A divorce mediation agreement allows spouses to resolve their divorce without having to go to court. Instead of each spouse having their attorney present their positions to a judge to decide, they negotiate a settlement with the help of a trained, neutral mediator. Mediation has three key benefits:
- Reducing the time it takes to finalize the divorce
- Reducing legal costs
- Reducing the bad feelings often created during contested divorce hearings
What Is Resolved in Mediation?
The goal of divorce mediation is to resolve every issue in the divorce so that a finalized divorce agreement can be submitted to the court. In some cases, the parties may be able to agree on most issues but will leave one or more issues to be resolved by the court within the framework of their partial agreement. A standard marital settlement agreement includes
- The reason for the divorce (generally irreconcilable differences)
- Whether the parents will share joint physical and legal custody, give one parent primary physical custody, or give one parent sole custody
- How much time the children will spend with each parent
- Child support payments
- Responsibility for health insurance, childcare costs, and other expenses beyond child support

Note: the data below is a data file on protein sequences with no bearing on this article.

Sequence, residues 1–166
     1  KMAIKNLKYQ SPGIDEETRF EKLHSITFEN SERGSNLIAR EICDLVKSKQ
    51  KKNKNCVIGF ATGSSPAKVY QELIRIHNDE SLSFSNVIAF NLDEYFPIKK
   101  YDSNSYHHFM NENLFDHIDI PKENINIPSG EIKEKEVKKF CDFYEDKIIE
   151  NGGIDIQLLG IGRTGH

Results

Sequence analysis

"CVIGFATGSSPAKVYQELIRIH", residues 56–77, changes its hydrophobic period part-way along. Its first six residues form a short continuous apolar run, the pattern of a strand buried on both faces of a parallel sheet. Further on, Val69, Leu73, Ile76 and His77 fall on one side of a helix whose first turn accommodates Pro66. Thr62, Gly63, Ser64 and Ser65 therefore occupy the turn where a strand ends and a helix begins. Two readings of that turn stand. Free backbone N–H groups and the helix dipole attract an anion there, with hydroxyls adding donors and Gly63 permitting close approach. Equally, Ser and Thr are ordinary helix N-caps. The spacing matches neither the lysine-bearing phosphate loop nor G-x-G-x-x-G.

- Spousal support payments
- Division of property, financial assets, and debts
- Responsibility for taxes during the final year of the marriage
- Who will be able to claim tax exemptions for any dependent children
How Does Mediation Work?
In mediation, the spouses attend one or more sessions with a neutral mediator who guides the discussions. Generally, each spouse is first given an uninterrupted time to explain how they would like the divorce to be resolved. The mediator then points out areas where they agree and leads back and forth discussions on contested issues. One of the mediator’s main roles is to keep the spouses focused on finding win-win situations and to provide opportunities for healthy venting while keeping emotions from taking over.
Mediation can go on for several sessions over a period of days or weeks depending on the complexity of the divorce, how long the spouses want to spend at each session, and the spouses’ schedules. In most cases, the attorneys will help their clients prepare for mediation but will not participate in the mediation sessions. This is to help keep the focus on the spouses working together rather than becoming adversarial.
What Happens When an Agreement is Reached?
Once the parties reach an agreement, it will be put into writing. Generally, one spouse’s attorney drafts the settlement agreement and the other attorney reviews it to make sure it matches their understanding of the agreement and that the drafting attorney didn’t leave anything out. The spouses will then sign the agreement and submit it to the court for approval. The court will approve it as long as it doesn’t contain any provisions contrary to the law. The agreement is then final, binding, and enforceable just as a court order issued after contested divorce hearings would be.
If you are considering divorce mediation contact our attorneys for a free consultation. We are happy to help answer any questions you may have.